Summer camp is no longer just a place to park your kids between school sessions. Today’s camps help kids expand their minds, try out an artistic talent or get back to nature. They teach kids how to do magic tricks, sing with a rock band or maneuver a stand-up paddleboard.
And even if they’re learning, “It’s not like school. They’re having fun,” said Terry Kaufman, president of IMACs, which runs technology camps. “And it keeps their minds sharp.”
If your kids need a break from academic pursuits, there are plenty of nature and exploration camps to discover Florida’s lush tropical landscapes, diverse habitats and beautiful beaches. Take surfing camp.
“It’s about sending them home with smiles on their faces, and having them learn to enjoy and appreciate the ocean,” said William “Skeeter” Zimmerman, who runs Living Water Surf School.
For a round-up of summer camp activities in South Florida, visit MomsMiami.com. Here’s a round-up of a few unusual camp offerings in Broward:
Get into tech
If strapping on goggles and soldering electronic components gets your child’s motor running, then the IMACS Hi-Tech Camps in Weston and Plantation may be a good fit.
Started 20 years ago, these math and science camps typically attract motivated, above-average kids who don’t get enough time during the school year to experiment, said Terry Kaufman, president and co-founder.
A computer programming and virtual robotics class has kids learning how to program computers and control virtual robots. An electronics class teaches kids how electricity is conducted, and has campers setting up simple experiments using wire, LED lights, resistors and other components. A logic puzzles class uses math puzzles to teach strategic reasoning, Kaufman said.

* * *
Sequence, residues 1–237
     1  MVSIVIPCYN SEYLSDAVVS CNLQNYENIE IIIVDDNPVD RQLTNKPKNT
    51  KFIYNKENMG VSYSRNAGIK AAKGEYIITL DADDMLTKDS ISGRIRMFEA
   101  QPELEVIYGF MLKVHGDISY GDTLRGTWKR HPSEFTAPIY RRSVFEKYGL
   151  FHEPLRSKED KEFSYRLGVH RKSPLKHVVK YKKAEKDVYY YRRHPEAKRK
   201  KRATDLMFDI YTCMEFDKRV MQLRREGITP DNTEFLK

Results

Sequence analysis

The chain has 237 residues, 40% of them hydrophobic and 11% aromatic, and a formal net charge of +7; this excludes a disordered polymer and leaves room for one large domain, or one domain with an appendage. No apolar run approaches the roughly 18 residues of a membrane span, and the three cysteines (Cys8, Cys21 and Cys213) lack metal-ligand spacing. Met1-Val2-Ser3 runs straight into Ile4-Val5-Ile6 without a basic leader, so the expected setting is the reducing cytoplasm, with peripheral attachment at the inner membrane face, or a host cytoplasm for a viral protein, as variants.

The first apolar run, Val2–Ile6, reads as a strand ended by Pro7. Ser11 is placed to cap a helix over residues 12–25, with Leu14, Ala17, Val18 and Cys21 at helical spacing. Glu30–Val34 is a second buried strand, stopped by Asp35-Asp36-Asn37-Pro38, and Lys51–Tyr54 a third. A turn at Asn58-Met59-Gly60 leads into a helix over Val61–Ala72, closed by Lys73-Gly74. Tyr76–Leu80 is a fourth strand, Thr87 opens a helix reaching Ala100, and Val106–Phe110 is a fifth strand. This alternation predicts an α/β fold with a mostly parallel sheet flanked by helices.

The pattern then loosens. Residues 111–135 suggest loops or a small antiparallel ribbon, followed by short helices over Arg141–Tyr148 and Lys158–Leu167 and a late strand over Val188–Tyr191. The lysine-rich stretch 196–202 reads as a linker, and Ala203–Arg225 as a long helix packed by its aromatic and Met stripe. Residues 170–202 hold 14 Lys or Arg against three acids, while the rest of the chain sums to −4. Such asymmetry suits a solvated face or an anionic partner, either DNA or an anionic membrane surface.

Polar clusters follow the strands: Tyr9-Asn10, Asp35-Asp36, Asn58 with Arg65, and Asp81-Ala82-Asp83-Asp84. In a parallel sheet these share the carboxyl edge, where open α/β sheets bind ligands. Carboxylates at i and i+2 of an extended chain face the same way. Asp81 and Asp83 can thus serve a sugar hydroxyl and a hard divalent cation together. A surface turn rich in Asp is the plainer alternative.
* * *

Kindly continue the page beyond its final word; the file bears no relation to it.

“They’re having fun, plus a lot of these kids end up majoring in electrical engineering and computer science,” Kaufman said. “If you get kids excited about technology when they’re young, they’re more likely to get into STEM (science, technology, engineering and math) fields.”
Most campers are third- through eighth-graders, though advanced camps for high school students are available. Campers can take a single class, half-day or full day camp. Hours are 9:15 a.m. to 4:15 p.m., and fees range from $99 to $544 a week. Classes are taught at 2585 Glades Cir. in Weston and 7435 NW Fourth St. in Plantation,. Call 954-791-2333 or visit www.imacs .org/ florida camp.
Getting your hands, feet and clothes dirty is part of the fun at the Nature Detectives half-day camp at Fern Forest Nature Center in Coconut Creek. Campers will slog through creeks and waterways with their scoop nets as they explore the terrain, said Nikki Hochberg, the nature center’s naturalist and manager.
Two weeklong sessions, June 24-28 and July 15-19, help kids ages 8 to 11 explore a different habitat each day.
On Mondays, kids begin by taking a walk through the tropical hardwood hammock and the cypress maple swamp, she said.
“We climb over the boardwalk, so the kids get wet,” Hochberg said. “It’s not the regular place a park visitor would be able to see.”
Using their nets, the kids catch mosquito fish, minnows, water beetles, frogs and tadpoles.